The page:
Diagenesis of quartz, feldspar, and dolomite in the Montney



Diagenesis of quartz, feldspar, and dolomite in the Montney
Diagenesis of quartz, feldspar, and dolomite in the Montney
Formation – implications for particle size analysis and rock
Raphael A.J. Wust, Brent Nassichuk
Trican Geological Solutions, 621-37th Ave NE, Calgary, AB, T2E 2M1, [email protected]
Most of the Montney Formation is termed a finely laminated to finely interbedded dolomitic siltstone/shale
with occasional very fine-grained sandstone as well as limited limestone interbeds. From the perspective of
classical sedimentary rock classification, the majority of “silt/mudstone” rocks in the Montney contain
particles <63 micrometers. These particles represent individual minerals in contrast to conglomerates or
sandstones where rock particles can be present. As particle sizes and sorting is utilized to identify source,
origin and transport of material and thus possible depositional conditions and settings, many past studies of
the Montney have performed some sort of “particle-size” analysis in order to classify the sediments.
Early work on the Montney Formation observed a relative “homogeneity” in particle sizes across the basin
and combined with the apparent “well-sorting”, these sediments were interpretated to reflect an aeolian
influence of source and transport (Davies et al., 1997). Subsequent work illustrated an observed trend of
particle sizes across the basin from east to west (e.g. Nadaraju and Elliot, 2010) and it was hoped that
fracture performance may be quantified based on parameters such as particle sizes. In fact, a recent study
in the lower Montney has demonstrated a positive relationship between particle size and
porosity/permeability (Zhang, 2015).
Fig. 1. Montney geological cross section from E-W showing an apparent particle size decrease
associated with decreasing permeability. Particle size decrease is assumed to be due to
sorting during deposition. Slide 15 from Nadaraju and Elliott (2010).
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More recent work pointed out, however, that common minerals present in the Montney Formation have a
marked diagenetic overprint (Krause et al., 2012, Wust et al., 2016). These studies illustrate that postdepositional modifications of most minerals took place during burial and changed both shape and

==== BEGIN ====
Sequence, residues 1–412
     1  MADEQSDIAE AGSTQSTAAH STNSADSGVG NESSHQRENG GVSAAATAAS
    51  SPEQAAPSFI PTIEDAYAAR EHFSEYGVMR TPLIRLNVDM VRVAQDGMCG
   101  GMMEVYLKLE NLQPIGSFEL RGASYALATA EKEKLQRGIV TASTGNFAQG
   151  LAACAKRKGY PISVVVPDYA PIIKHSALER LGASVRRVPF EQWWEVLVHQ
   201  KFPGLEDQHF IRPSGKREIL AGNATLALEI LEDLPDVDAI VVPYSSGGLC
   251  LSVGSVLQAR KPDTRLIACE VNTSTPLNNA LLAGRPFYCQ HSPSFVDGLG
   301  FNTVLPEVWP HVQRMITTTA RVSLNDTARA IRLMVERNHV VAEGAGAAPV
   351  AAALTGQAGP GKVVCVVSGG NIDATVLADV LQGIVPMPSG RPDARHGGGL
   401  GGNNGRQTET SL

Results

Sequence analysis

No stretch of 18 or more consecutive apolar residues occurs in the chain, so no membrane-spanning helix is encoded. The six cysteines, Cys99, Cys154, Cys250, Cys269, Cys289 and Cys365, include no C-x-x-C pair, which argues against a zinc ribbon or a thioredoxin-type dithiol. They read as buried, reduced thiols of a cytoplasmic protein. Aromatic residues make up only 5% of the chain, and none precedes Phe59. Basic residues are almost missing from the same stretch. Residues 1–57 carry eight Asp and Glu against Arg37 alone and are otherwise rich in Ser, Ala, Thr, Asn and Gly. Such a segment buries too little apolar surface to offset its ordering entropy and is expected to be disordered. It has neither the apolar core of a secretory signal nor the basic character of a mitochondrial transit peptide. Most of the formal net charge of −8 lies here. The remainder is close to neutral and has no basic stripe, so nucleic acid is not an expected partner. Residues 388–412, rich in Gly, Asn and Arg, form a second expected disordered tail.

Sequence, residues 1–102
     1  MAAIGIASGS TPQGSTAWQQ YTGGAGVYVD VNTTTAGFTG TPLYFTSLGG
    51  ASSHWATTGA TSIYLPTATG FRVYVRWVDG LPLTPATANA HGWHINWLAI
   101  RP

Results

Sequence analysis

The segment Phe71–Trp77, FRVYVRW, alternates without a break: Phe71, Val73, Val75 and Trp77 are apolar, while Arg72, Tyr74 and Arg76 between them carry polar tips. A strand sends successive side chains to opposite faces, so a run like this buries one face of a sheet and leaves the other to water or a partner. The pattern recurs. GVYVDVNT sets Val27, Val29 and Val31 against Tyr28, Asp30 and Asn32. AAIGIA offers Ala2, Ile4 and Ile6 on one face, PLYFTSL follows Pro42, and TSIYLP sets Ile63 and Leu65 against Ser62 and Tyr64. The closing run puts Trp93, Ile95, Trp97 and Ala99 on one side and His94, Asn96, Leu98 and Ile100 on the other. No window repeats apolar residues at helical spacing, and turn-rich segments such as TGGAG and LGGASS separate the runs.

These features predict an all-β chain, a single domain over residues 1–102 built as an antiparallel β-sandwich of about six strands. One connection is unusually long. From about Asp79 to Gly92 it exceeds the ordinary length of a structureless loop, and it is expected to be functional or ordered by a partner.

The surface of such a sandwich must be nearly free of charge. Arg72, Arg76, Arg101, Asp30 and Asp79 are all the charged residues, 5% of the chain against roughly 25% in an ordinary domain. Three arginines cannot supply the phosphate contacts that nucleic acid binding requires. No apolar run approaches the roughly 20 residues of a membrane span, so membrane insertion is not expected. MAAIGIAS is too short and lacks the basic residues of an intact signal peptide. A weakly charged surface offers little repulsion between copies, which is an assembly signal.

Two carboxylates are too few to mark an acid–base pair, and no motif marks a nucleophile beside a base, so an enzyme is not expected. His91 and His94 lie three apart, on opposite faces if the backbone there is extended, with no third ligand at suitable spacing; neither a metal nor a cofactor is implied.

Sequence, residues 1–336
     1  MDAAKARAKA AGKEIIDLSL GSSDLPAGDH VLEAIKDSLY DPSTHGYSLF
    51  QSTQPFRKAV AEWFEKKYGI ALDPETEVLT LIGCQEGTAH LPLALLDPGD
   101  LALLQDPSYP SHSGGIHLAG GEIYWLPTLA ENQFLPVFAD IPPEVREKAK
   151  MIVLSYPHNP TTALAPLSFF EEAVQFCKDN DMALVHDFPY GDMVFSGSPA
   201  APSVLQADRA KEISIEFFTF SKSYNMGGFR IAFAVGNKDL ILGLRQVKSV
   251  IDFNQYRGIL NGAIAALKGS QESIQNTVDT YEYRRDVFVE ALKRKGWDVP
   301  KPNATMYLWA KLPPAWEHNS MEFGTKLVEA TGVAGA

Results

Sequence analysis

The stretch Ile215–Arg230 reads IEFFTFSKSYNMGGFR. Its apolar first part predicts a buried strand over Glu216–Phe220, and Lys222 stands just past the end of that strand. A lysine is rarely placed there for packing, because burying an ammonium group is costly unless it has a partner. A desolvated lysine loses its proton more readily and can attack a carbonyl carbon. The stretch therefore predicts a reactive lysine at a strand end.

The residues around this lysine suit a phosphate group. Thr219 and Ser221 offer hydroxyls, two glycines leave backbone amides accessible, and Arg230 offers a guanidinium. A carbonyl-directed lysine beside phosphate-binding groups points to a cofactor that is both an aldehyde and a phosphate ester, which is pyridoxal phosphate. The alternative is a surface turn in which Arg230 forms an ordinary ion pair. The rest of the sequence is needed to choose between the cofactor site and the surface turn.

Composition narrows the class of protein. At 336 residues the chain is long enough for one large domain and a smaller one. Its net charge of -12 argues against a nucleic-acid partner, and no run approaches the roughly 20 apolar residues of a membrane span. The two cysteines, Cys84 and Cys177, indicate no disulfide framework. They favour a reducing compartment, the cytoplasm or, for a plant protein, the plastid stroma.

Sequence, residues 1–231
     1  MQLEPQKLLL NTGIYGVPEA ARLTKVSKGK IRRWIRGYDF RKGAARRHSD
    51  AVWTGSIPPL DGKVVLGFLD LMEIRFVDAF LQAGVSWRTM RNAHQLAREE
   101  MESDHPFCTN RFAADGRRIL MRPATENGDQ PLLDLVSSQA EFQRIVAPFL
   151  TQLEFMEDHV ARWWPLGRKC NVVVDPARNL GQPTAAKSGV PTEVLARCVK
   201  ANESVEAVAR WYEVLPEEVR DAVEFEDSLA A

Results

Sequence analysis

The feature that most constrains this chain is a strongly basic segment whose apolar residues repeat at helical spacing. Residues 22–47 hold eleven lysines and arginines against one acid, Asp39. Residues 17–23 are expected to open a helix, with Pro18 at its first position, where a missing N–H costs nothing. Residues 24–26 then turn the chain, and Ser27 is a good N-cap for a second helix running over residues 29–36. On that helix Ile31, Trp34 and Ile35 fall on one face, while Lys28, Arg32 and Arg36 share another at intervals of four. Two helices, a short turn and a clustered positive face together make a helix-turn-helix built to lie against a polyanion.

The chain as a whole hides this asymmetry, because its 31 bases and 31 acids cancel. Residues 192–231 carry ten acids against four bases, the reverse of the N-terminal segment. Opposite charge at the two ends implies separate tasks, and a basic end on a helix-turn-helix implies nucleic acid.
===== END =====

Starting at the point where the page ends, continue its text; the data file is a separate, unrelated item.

morphology of the particles.
Here we present new petrography and scanning electorn microscopy (SEM) data from various wells from
the Montney across the WCSB and describe the most common particles of the Montney Formation, namely
quartz, feldspar and carbonates. Although some of the particle have a typical detrital character, the majority
of the particles show signs of typical diagenetic modifications. Diagenetic changes include dissolution and
regrowth, neoformation and mineral overgrowth. Mineral modifications include neoformed quartz grains
with inclusions, quartz pseudo-morphs after dolomite, feldspars with various feldspar growths, pseudomorphs after dolomite, or dolomite with cores of different compositions, pyrite includions, etc. The amount
of modified particles can represent up to 60-90% of the sample composition.
The strong modification of particle shape and shape renders particle size analysis from an original transport
perspective model unusable. Hence, particle size and composition cannot be used alone for determining a
depositional model. In fact, size and morphology needs to be excluded from any interpretations regarding
past depositional settings. Zonneveld et al. have drawn a similar conclusion in 2011 that “Montney
depositional environments are not easily segregated on the basis of grain size”.
Fig. 2. Petrographic photomicrograph of a Montney sample from the Elm area showing
abundant quartz (bright white), dolomite (light grey) and K-feldspars (yellow stained).
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Fig. 3. Petrographic photomicrograph of a Montney sample from the Elm area showing postburial modified grains of quartz (bright white), dolomite (light grey) and K-feldspars (yellow
stained). Modification include amorphous shapes, inclusions, dissolution features, overgrowth,
Fig. 4. Petrographic overexposed photomicrograph (left: plain light, right x-pol ligth) of a
Montney sample from the Elm area showing most minerals (quartz, dolomite, feldspar) contain
other mineral inclusions illustrating a post-depositional modification.
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Davies, G.R., Moslow, T.F., Sherwin, M.D., 1997. The Lower Triassic Montney Formation, west-central Alberta. Bulletin of
Canadian Petroleum Geology, 45(4): 474.
Krause, F.F., Wiseman, A.C., Williscroft, K.R., Solano, N., Morris, N.J., Meyer, R., Marr, R. 2012. Petrographic and
Petrophysical Comparison of the Montney Formation in the Sturgeon Lake South Area. CWLS Magazine, 31, 1, 6-9 pp.
Nadaraju, G., Elliott, D. 2010, Understanding Montney reservoir heterogeneity: A geo-engineering approach, CSUR Technical
Luncheon Presentation 21 June, 2010.
Wust, R.A.J., Kelly, D., Bonk-Richards, A., Offord, H., Collins, B., Nassichuk, B., Nieto, J. 2016. The Middle Montney – a dirty
old carbonate formation with a secret past? AAPG ACE Calgary, 19-22 June, 2016, abstract
Zhang, S. 2015. Petrography, Lithology, Stratigraphy, Bioturbation, and Trace Fossil-permeability Relationship of the Montney
Formation of Lower Triassic, in Barrick Puskwa, Alberta, Western Canadian Sedimentary Basin. MSc thesis U of A, Canada,
147 pp.
Zonneveld, J.P., Golding, M. Moslow, T.F., Orchard, M.J., Playter, T., Wilson, N., 2011. Depositional Framework of the Lower
Triassic Montney Formation, West-central Alberta and Northeastern British Columbia, CSPG Conference abstract, 4pp.
GeoConvention 2017

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